"Her poems are controlled and highly charged, restrained but also exposed, unafraid of and perhaps also terrified by outcry. Glück has described “harnessing the power of the unfinished”, to create a whole that does not lose the dynamic presence of what remains incomplete: “I dislike poems that feel too complete, the seal too tight; I dislike being herded into certainty.”" Colm Tóibín Guardian
"Poetry has an advantage for the sprinting student. It entails the least reading… There is no ‘fiction’ or ‘drama’ establishment or Ofqual would have heard from them long ago about the either/or – as though there was some generic or qualitative equivalence. Poetry has had a louder institutional claque all along." Michael Schmidt PN Review
"In 1975 I met the poet Gerard Fanning in UCD and he told me he had an early copy of the new book by Derek Mahon, ‘The Snow Party’ and if I came to his house on Foster Avenue that evening, I could look at it with him. It was just two dozen poems, thirty-eight pages. There was an extraordinary clarity and ease in the tone, a light metre; the voice that was wry and understated, but also careful that the emotion would not exceed its cause. It was strange how affecting lines like: ‘I am going home by sea/ For the first time in years’ could be, and how instantly memorable some phrases were, such as ‘The prisoners of infinite choice’ or ‘Even now there are places where a thought might grow.’ We knew that night that we were reading poems that would be there forever, relished by readers all over the world for as long as time lasts. We held the book like it was gold." Colm Tóibín Irish Times
"But I also think that women are the masters of finding and using bits of time — rather than thinking, like, I need to be at a writer’s retreat, or, Everyone in the house must fall silent until it’s time for my cocktail, because that’s not what life is like. I would think of Lucille Clifton making poems at the kitchen table with six kids around her." Elizabeth Alexander • The Cut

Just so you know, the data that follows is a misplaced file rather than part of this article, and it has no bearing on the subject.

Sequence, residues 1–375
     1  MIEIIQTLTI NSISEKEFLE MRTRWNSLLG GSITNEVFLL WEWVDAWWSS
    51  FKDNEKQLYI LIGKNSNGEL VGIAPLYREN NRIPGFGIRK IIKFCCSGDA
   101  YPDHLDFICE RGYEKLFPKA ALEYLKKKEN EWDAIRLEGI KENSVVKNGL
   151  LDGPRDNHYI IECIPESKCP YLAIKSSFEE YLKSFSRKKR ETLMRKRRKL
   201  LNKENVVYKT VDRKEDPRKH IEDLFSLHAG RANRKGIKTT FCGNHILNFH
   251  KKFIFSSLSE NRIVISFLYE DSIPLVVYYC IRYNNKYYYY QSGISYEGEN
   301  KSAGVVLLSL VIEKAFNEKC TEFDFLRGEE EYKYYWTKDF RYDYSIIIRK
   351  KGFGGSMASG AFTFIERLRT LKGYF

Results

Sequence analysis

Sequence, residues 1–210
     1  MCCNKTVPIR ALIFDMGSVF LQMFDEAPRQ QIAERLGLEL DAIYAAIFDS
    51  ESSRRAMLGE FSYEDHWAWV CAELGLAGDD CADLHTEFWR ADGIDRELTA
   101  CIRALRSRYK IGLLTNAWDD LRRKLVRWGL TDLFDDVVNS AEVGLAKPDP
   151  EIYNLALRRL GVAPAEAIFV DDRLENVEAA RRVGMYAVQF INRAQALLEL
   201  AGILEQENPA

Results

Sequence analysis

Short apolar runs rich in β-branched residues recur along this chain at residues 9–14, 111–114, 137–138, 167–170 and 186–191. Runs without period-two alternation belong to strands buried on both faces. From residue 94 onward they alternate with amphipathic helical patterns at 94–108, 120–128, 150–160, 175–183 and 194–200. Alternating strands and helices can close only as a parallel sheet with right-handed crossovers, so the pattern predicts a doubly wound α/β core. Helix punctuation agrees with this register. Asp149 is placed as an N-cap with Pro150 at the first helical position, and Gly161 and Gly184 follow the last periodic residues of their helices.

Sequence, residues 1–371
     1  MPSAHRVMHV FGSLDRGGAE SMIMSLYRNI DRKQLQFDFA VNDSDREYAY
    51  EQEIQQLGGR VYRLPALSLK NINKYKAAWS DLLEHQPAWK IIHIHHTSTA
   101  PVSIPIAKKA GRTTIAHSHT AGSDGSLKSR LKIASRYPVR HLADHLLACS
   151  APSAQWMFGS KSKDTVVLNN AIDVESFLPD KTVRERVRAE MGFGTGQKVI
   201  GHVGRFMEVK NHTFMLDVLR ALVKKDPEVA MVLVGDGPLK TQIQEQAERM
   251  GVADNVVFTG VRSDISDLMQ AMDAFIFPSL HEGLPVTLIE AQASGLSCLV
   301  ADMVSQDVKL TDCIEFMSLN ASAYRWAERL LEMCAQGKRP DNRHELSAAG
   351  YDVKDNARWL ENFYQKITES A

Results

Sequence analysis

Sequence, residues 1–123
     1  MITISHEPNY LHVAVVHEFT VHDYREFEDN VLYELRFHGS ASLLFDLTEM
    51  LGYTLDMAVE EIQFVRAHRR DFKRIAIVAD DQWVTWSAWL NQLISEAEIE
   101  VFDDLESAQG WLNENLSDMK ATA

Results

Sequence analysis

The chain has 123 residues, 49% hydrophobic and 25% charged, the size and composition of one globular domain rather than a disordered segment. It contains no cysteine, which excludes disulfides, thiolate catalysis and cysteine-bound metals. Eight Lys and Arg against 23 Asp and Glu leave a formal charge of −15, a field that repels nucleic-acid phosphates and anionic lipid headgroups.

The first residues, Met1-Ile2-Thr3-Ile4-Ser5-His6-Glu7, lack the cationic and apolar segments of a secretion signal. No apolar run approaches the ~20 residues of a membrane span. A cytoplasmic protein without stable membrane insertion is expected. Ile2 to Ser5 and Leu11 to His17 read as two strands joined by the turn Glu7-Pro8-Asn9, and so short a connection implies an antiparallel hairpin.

"If I never hear “If—” or “Invictus” again, I won't be unhappy." Willard Spiegelman • Wall Street Journal

"She is an empress of credentials, an avatar of all-the-right-moves: grew up trilingual (speaking primarily Italian and French into her late teens), was asked to leave the Sorbonne amid the student protests of 1968, got an M.F.A. from the Iowa Writers’ Workshop, has taught for years at Harvard." Jeff Gordinier • New York Times

"In the middle of these contradictions around Black relations to the land as the mythic basis of US national identity, the most popular African American poet in the wake of Reconstruction, Albery Allson Whitman, wrote vast lyric epic romances about frontier history in which Black and Native characters take center stage." Matt Sandler • LitHub

"I am in favour of abundance, whether temporal, aesthetic or social. We can create abundance for each other." Lisa Robertson • Cordite Poetry Review

"An impoverished homosexual, Cavafy lived on the margins of Alexandrian society. A meeting with the famous English writer E. M. Forster at the Alexandria Sporting Club turned out to be fortunate for his literary career and legacy." Gretchen McCullough • LARB

"As with her groundbreaking Citizen, Rankine’s latest work blends essays, photographs, poetry, erasures. What should be noted, though, is the shift in focus in her titles: whereas Citizen (2014) and Don’t Let Me Be Lonely (2004) were each subtitled “An American Lyric”, Just Us is “An American Conversation”." Seán Hewitt The Irish Times
"I’m not sure the qualities of writing in age can be tabulated or synthesized. One wouldn’t want to be dogmatic about it, and of course one has always liked and even loved interesting and striking work composed at any stage, at any phase, and even work of which one doesn’t know offhand the age. (It was Joseph Brodsky who had the idea that the writer’s age—the age of the writer at the time of writing—should be prominently displayed somewhere on the work.)" Michael Hofmann • The Baffler